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Publication numberUS20090248341 A1
Publication typeApplication
Application numberUS 12/057,346
Publication dateOct 1, 2009
Filing dateMar 27, 2008
Priority dateMar 27, 2008
Also published asUS7589845
Publication number057346, 12057346, US 2009/0248341 A1, US 2009/248341 A1, US 20090248341 A1, US 20090248341A1, US 2009248341 A1, US 2009248341A1, US-A1-20090248341, US-A1-2009248341, US2009/0248341A1, US2009/248341A1, US20090248341 A1, US20090248341A1, US2009248341 A1, US2009248341A1
InventorsXinkang Tian, Manuel Madriaga, Ching-Ling Meng, Mihail Mihalov
Original AssigneeTokyo Electron Limited
Export CitationBiBTeX, EndNote, RefMan
External Links: USPTO, USPTO Assignment, Espacenet
Process control using an optical metrology system optimized with signal criteria
US 20090248341 A1
Abstract
Provided is system and method for controlling a fabrication cluster using at least one parameter of a structure measured with an optical metrology system designed and configured to meet one or more signal criteria. The design of the optical metrology system is optimized by using collected signal data in comparison to set one or more signal criteria. In one embodiment, the optical metrology system is used for standalone systems. In another embodiment, the optical metrology system is integrated with a fabrication cluster in semiconductor manufacturing. At least one parameter determined from a signal measured using the optical metrology system is transmitted to a fabrication cluster. The at least one parameter is used to modify at least one process variable or equipment setting of the fabrication cluster.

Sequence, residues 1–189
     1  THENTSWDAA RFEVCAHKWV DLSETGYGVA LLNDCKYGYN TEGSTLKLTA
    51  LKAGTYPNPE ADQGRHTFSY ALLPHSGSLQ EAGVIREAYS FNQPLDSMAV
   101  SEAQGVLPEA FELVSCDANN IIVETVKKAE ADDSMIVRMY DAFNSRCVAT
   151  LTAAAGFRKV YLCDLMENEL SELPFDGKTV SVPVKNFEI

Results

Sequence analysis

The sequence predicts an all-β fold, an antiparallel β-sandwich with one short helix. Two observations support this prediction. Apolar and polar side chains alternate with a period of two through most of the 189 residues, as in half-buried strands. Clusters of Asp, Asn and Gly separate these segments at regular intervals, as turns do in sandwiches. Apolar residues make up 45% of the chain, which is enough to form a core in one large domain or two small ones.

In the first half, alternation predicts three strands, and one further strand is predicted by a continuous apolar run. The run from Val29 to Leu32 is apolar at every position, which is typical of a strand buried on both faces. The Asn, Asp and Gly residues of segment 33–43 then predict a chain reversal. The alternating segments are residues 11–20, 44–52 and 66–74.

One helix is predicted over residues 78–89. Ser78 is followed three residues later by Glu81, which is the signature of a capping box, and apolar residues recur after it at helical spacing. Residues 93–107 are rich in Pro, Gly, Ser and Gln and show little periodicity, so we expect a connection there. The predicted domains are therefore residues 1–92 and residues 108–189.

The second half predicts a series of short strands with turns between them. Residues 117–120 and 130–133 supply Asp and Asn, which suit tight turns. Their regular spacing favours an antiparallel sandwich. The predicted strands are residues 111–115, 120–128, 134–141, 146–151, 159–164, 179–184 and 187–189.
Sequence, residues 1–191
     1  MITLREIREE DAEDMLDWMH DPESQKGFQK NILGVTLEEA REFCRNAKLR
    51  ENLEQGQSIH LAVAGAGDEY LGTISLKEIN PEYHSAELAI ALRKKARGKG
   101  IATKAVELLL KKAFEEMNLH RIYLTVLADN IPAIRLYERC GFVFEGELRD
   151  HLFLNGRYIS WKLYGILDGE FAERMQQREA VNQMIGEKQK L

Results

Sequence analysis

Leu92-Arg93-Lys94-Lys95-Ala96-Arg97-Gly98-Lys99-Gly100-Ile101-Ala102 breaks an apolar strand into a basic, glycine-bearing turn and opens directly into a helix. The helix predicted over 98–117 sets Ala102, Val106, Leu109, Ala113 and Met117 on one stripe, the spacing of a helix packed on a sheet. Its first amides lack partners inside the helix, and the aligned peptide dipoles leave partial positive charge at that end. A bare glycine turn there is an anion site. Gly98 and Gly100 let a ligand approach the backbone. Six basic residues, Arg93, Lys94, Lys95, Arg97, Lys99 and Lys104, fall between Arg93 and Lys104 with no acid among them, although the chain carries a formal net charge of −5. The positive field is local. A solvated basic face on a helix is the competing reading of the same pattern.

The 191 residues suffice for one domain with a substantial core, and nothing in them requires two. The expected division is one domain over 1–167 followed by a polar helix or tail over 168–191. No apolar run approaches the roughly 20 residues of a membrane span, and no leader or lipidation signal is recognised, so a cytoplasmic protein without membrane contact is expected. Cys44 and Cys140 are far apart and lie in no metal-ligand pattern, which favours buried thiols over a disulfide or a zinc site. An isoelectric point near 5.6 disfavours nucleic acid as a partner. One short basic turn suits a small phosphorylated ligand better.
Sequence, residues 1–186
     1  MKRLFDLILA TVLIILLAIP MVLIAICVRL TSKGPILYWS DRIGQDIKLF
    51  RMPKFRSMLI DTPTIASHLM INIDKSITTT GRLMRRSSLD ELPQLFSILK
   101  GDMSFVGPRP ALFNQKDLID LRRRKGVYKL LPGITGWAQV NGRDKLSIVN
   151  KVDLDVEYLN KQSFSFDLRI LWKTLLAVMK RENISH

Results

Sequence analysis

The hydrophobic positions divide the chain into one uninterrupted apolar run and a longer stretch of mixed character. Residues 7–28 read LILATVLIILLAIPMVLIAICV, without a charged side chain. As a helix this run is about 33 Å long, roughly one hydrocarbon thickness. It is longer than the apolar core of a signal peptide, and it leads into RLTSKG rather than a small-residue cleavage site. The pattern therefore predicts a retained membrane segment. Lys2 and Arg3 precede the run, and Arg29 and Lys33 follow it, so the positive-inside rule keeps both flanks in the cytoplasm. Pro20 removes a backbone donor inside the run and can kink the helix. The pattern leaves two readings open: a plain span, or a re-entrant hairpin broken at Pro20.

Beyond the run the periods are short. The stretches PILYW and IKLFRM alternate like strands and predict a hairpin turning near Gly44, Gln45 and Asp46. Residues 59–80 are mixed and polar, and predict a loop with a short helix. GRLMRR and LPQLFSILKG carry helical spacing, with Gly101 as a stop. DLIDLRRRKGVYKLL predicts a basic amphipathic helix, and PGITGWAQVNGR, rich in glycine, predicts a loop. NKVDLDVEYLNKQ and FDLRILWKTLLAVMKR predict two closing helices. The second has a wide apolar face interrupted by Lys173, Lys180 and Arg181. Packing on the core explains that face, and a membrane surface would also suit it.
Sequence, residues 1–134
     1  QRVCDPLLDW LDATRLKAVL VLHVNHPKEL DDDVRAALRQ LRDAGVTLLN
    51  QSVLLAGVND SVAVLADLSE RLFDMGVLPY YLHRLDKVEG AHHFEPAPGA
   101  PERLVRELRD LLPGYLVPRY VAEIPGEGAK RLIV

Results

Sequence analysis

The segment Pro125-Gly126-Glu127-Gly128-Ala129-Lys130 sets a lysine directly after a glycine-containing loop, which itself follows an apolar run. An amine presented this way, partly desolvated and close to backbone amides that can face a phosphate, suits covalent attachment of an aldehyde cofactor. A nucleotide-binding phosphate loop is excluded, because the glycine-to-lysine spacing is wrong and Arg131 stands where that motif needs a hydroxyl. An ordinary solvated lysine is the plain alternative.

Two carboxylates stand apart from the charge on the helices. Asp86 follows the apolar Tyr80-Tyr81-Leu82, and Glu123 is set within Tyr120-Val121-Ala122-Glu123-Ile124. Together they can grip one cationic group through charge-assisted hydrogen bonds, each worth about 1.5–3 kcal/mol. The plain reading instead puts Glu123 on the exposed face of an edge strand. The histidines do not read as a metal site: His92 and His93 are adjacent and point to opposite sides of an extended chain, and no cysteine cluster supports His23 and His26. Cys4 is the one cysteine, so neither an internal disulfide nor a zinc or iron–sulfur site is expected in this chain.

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Claims(20)
1. A method of controlling a fabrication cluster using an optical metrology system, the optical metrology system configured to measure a structure on a workpiece and configured to meet one or more signal criteria, the method comprising:
developing an initial design for the optical metrology system based on a determined range of capabilities of the optical metrology system;
developing a metrology signal model for the optical metrology system, the optical metrology system comprising optical components along an optical path;
selecting one or more signal criteria for the optical metrology system;
collecting signal data for each optical component;
if one or more calculated signal criteria derived from the collected signal data do not match a set of one or more signal criteria, modifying the initial design of the optical metrology system and iterating the developing of the metrology signal model, selecting one or more new signal criteria, collecting new signal data and performing a new comparison of the new calculated one or more signal criteria to the set of signal one or more criteria until there is a new match of one or more of the new calculated signal criteria to the set one or more of signal criteria;
measuring the structure on the workpiece using the initial design of the optical metrology system;
extracting one or more profile parameters of the structure;
transmitting at least one profile parameter of the structure to the fabrication cluster, the fabrication cluster having process parameters and equipment settings; and